In FIG. 6, the truth table for the XNOR function as used in FIG. 5 shows the magnitudes of the received code, the reference code, and the output of the XNOR function (e.g. Z) as between ‘−1’ and ‘+1’. The table shows that if the magnitudes of the received code and the reference code are either both at ‘−1’ or both at ‘+1’, then the output of the XNOR function is at ‘+1’. If one of the magnitudes of the received code and the reference code is at ‘−1’ but the other is at ‘+1’, then the output from the XNOR function is at ‘−1’. The approximation to a time averaging function integrates the output from the XNOR function over the length of a code to create a correlation result representing the degree of correlation of the two input codes over the correlation interval. The length of a code is referred as a code epoch. A code epoch can be long enough without repeating itself for correlation iteration intervals to complete.

For instance, if the output from the XNOR function stays at ‘+1’ over a correlation interval, then the capacitor in the approximation to a time averaging function can be charged to a voltage corresponding to a supply voltage for the XNOR function, indicating identical codes in phase alignment with the same sign over the correlation interval. If the output from the XNOR function stays at ‘−1’ over a correlation interval, then the capacitor in the approximation to a time averaging function can be charged to a negative voltage, indicating different identical codes in phase alignment but with inverted sign having no correlation over the correlation interval. If the output from the XNOR function alternates between ‘−1’ and ‘+1’ over a correlation interval, then the capacitor in the approximation to a time averaging function can be partially charged to a level between −1V to +1V, indicating either non-identical input codes, a phase misalignment or a combination of the two over the correlation interval.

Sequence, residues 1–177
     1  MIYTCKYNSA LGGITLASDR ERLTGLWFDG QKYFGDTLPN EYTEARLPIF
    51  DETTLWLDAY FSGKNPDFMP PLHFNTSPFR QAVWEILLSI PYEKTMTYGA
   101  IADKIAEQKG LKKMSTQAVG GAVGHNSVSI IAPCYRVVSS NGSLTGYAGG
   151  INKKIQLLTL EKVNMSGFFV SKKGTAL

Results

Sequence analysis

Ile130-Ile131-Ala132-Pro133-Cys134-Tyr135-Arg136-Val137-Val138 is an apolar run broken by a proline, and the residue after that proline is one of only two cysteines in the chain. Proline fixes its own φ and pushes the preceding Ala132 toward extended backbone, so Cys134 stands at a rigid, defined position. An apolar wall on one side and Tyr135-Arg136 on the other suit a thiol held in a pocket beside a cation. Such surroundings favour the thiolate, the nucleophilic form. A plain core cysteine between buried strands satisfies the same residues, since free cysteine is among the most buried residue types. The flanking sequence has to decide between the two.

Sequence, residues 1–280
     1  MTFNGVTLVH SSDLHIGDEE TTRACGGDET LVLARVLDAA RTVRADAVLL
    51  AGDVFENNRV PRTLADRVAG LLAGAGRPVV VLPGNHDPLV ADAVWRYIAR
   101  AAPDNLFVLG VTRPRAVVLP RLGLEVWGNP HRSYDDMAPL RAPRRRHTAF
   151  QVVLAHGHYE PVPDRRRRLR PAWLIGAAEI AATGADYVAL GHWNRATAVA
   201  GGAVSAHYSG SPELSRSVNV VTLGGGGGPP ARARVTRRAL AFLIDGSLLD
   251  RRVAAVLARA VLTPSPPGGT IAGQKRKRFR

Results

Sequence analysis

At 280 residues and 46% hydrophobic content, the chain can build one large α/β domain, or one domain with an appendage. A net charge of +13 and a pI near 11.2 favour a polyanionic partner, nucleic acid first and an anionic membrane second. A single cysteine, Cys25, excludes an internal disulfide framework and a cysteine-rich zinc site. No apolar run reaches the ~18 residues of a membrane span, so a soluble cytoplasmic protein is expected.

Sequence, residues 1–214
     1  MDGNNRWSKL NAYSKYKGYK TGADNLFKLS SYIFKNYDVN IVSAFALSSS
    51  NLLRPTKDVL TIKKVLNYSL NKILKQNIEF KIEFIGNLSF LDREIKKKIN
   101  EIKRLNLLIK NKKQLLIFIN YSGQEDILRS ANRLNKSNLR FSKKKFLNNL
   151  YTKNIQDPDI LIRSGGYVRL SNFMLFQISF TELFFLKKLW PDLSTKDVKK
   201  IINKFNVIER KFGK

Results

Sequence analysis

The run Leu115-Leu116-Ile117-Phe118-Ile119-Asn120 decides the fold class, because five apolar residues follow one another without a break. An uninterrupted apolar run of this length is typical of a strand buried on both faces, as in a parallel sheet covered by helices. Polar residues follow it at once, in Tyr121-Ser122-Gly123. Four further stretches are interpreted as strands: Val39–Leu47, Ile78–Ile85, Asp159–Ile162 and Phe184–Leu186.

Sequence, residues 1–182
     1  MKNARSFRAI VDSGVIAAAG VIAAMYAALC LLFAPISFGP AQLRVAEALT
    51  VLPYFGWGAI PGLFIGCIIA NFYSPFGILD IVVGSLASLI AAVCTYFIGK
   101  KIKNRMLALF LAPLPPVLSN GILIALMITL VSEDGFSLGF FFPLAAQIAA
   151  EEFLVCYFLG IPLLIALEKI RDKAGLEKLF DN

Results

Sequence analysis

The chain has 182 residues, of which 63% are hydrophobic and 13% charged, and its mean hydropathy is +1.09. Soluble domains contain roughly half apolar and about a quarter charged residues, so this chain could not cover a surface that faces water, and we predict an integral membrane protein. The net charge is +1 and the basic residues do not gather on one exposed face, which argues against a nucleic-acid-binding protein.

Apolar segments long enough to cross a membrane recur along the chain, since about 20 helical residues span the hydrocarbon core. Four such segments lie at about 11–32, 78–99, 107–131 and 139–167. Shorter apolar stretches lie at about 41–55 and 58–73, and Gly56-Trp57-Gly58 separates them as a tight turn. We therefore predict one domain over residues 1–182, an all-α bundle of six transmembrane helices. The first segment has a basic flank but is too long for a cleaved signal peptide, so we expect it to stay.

FIG. 7 is a waveform diagram illustrating a correlation result when the two input codes are identical and in phase alignment. The correlation result has a range from −1 to +1 including 0, where 0 indicates no correlation or similarity in the codes. In this example, the correlation output over a correlation interval is +1, which is the maximum value of the code comparison magnitude indicating identical codes in alignment with the same sign.

FIG. 8 is a waveform diagram illustrating a correlation result when the two input codes are identical but are misaligned in phase. In this example, the correlation output over a correlation interval is +0.35, greater than 0 but less than +1, indicating similarity between the input codes with the same sign and that the misalignment between the two input codes is within one chip. A misalignment within one chip can also cause a correlation result to have a negative sign, such as −0.35, less than 0 but greater than −1, depending on the polarity of the input codes.

A chip as used in the present application refers to a single code element. In digital communications, a chip a pulse of a direct-sequence spread spectrum (DSSS) code, such as a pseudo-noise code sequence used in direct-sequence code division multiple access (CDMA) channel access techniques. In a binary direct-sequence system, each chip is typically a rectangular pulse of +1 or −1 amplitude, which is multiplied by a data sequence (similarly ‘+1’ or ‘−1’ representing the message bits) and by a carrier waveform to make the transmitted signal. The chips are therefore just the bit sequence out of the code generator. The chips are called chips to avoid confusing them with message bits. The chip rate of a code is the number of pulses per second (chips per second) at which the code is transmitted (or received).